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Re: music just for musicians?

>>I'm not sure that's encessarily fair.  Just because a market is small,
>>doesn't mean it has to die.  Out of interest, how many JamMen were sold
>>compared to hour high-end reverbs?  The market for those must be tiny 
>>do you think, dear - change the car or buy a Lex 300?).
>OK, but try to remember that the Lex 300 also generates quite a bit more 
>than does a JamMan--especially when they have to be blown out to sell at 
>You have to sell a whole lot more Jampersons to make up what what you 
>make on a
>single 300.

> Not to mention how much more advertising you have to do. Let's face
>it, you're market for the 300 is well defined: big studios who charge big
>dollars for their time. OK, we know who they are, they know who we are. 

Sure.  However, I think (I really honestly hope I'm not stepping of your
toes, or Greg's, on this one) that Lex gave the impression of really not
knowing how to approach the low end of the market.  The "32 secundos" ad
with zany graphics seemed so full of hype that it looked as if there was
something to hide.  Though I know their name distains thee, Digitech have
been selling low-end proto-loopers for not much more than the JM clearout
price and making enough profit to keep them in the line for years.  And
Digitech know how to sell a $500 box as though it's top-of-the-line, as do
Alesis (who have a reputation for quality sound, at least amongst us great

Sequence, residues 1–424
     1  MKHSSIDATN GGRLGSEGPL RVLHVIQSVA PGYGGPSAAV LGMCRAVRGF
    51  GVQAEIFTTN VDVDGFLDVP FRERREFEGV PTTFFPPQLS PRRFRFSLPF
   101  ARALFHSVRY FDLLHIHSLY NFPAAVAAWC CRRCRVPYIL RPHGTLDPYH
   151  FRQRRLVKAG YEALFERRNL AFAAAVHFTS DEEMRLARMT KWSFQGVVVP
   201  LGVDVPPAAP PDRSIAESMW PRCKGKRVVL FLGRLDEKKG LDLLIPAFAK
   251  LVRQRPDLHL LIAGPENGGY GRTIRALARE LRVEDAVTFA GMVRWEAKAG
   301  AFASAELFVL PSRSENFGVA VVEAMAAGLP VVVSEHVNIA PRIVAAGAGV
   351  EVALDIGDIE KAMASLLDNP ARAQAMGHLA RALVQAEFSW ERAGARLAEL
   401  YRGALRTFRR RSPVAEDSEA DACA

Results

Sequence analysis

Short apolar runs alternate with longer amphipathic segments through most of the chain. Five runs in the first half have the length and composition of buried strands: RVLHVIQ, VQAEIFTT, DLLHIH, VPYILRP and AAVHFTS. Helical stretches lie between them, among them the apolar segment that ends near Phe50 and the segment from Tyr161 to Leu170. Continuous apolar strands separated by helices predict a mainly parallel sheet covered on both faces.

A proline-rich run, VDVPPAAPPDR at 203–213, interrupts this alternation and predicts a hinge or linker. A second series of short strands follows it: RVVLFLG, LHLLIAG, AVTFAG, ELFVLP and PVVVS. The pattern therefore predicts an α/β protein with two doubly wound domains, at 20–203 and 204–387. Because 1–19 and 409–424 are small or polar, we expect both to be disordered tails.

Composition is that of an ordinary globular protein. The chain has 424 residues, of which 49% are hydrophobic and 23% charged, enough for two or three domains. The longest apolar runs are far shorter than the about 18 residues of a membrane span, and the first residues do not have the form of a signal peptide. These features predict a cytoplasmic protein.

unwashed types).  FE, perhaps if the Vortex and Reflex had been bundled
together it would have competed (at the same price point) with the Midiverb
(which costs the same as either).  The Lex unit would have been better, but
on paper the specs would be about the same.  OK, the Lex would probably
have much higher SNR and bandwidth, but if it's going into a pair of
Celestion Vintage 30s who cares?
(rant mode off)

>Jamperson possible target audience? Uh, everyone who plays any 
>instrument. How
>do you reach them? How do you reach the sax players to tell them that 
>Brecker uses a JamMan? How do you reach all the
>guitarists/bassists/percussionists/vocalists/violinists/DJs/ blahblahblah.

There was NO advertising in the UK for ths "baby" Lexes.  It got a tiny
mention as a competition giveaway in The Guitar Magazine (not that I'm
complaining - I won it  :)  ) and that was it - certainly no ads.  I only
ever heard about them - esp. the Vortex - from GP imports (which don't sell
well over here, on account of not raving enough about Oasis/Paul
Weller/Blur etc).  The entry for the Vortex was wrong in the GP buyers
guide (for 2 YEARS running), which can't have helped.  

> The
>point is it costs an incredible sum of money to properly market a product 
>the Jamman--just to get to the limited number of peoples in each of these
>disparate groups. It really isn't a profitable idea, unless the product 
>costs a
>whole lot more. But, as we found out, the product didn't sell until the 
>was dropped to the zero profit point.

If the PDS8000 could do it....  (sorry)

I think that a looper will come.  I think it will be part of a processor,
will retail for $700 and be made by Zoom.  After all, there's a genuine
4-sec looper in the 8080....

>I still maintain that the easy answer is a looping card for the PCM 80. 
>All the
>tools are in place, and it would be a really great product, albeit an 
>one. But no one wanted to hear it, so...

I never thought I'd _ever_ actually say this, but it would be cheaper to
buy a TC2290.....


Dr Michael Pycraft Hughes      Bioelectronic Research Centre, Rankine Bldg,
Tel: (+44) 141 330 5979        University of Glasgow, Glasgow G12 8QQ, U.K.
    "Wha's like us?  Damn few, and they're a' deid!" - Scottish proverb